Shaking this early morning aversion that I've developed at the role call of the alarm clock. My body wasn't made for such marvelous things. Or maybe it is too marvelous for such dreadful things as the shrieking of the radio at 5:30 in the morning.
Slightly less than an hour after dragging my knuckles through the house (I slept on the couch last night, in a failed attempt to catch some Letterman before the Sandman's visit), I catch snow. As in, on my shoes with the sludging texture of early and late season precipitation in Chicago.
The sight catches my breath like asphysxiation. Everything that is not concrete is white, at least as far as the view from the top is concerned. I feel nostalgic for family visits to the suburbs, for shopping downtown, for highly expandable - and short-living - radio-controlled cars on a track that leads to nowhere but where it began, for twenty-five different rocking versions of "It's Christmas Time," for trips to the suburbs to see family that we only get to be around once a year, for the highly anticipated gifts so perfectly wrapped by our parents that we are given the illusion - however temporarily - that we have not received another pack of underwear, for that extremely rare occasion when we would receive cool draws (e.g., Underoos), for the feeling that somebody cares deeply for me and that I don't need to worry about not a thing - for I'm covered much as the snow covers the ground.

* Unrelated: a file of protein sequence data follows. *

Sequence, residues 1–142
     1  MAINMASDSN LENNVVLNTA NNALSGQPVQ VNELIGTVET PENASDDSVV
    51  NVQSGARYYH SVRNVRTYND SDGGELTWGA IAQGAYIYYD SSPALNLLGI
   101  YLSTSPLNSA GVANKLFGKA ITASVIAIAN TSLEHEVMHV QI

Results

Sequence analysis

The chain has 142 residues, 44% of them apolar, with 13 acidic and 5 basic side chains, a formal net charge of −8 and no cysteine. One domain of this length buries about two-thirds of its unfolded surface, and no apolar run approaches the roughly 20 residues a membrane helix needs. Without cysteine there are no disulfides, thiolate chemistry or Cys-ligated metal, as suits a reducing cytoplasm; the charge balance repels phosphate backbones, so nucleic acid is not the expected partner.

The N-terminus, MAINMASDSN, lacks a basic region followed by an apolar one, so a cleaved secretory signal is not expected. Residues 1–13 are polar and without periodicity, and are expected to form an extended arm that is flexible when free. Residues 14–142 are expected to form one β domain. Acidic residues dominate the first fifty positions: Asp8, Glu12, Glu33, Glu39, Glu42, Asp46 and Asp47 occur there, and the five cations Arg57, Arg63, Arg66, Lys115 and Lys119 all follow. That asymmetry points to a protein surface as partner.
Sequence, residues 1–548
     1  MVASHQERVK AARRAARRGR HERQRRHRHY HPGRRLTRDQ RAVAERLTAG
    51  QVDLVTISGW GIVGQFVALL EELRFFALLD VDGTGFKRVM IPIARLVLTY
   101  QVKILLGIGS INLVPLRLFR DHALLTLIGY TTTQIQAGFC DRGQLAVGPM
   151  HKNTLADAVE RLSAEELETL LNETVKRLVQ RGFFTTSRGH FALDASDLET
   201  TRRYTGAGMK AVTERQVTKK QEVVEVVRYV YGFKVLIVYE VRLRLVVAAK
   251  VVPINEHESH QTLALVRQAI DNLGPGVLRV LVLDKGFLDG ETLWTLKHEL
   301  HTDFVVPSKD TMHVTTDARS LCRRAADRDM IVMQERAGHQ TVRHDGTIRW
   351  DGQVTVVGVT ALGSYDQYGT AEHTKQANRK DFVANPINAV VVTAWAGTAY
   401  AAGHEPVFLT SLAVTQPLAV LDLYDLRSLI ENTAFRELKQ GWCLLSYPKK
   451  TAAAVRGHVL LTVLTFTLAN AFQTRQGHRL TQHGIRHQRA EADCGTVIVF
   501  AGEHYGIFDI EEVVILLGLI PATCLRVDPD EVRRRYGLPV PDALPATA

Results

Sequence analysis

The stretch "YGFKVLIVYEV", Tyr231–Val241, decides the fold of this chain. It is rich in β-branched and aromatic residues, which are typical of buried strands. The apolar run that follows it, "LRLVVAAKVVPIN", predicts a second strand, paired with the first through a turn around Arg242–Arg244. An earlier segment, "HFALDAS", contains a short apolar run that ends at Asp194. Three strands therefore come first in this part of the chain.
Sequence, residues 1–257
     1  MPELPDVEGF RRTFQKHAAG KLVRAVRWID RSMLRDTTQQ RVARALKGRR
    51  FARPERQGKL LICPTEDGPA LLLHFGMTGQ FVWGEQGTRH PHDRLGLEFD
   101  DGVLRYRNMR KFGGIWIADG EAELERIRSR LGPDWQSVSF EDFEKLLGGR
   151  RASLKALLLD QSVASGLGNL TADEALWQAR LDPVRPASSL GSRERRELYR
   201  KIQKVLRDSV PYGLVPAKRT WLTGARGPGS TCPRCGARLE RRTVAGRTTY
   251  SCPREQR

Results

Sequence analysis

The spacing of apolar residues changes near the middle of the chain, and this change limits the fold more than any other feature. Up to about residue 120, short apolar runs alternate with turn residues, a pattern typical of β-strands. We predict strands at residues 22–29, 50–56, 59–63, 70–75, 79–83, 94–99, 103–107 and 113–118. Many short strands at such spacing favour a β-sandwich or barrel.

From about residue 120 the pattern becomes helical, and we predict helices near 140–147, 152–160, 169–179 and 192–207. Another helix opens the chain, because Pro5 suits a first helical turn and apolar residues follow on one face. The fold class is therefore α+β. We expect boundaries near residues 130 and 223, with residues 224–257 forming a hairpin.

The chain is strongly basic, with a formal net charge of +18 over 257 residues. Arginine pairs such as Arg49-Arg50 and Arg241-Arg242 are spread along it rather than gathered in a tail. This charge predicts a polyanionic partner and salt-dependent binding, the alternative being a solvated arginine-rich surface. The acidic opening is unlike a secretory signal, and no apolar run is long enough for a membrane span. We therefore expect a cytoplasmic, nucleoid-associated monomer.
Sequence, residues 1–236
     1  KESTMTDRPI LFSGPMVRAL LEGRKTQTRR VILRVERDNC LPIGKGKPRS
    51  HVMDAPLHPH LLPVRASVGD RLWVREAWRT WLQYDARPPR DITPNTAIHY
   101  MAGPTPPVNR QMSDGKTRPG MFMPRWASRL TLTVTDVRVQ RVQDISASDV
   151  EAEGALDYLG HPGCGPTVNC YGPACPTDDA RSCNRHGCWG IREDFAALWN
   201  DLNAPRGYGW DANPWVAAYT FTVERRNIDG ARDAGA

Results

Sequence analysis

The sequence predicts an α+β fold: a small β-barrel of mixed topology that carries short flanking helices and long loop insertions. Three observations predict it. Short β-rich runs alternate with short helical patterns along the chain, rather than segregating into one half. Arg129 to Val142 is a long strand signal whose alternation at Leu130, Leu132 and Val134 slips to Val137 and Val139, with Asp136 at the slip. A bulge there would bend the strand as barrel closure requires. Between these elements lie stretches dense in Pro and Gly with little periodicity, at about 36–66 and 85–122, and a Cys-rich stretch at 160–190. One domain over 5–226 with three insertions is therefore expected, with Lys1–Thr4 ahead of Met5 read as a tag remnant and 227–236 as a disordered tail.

Although I don't doubt that the love is there as much now as it was then (and immeasurable and in various degrees by many people), self-dependence is hard work and will kill a man as surely and grossly as a immense cold.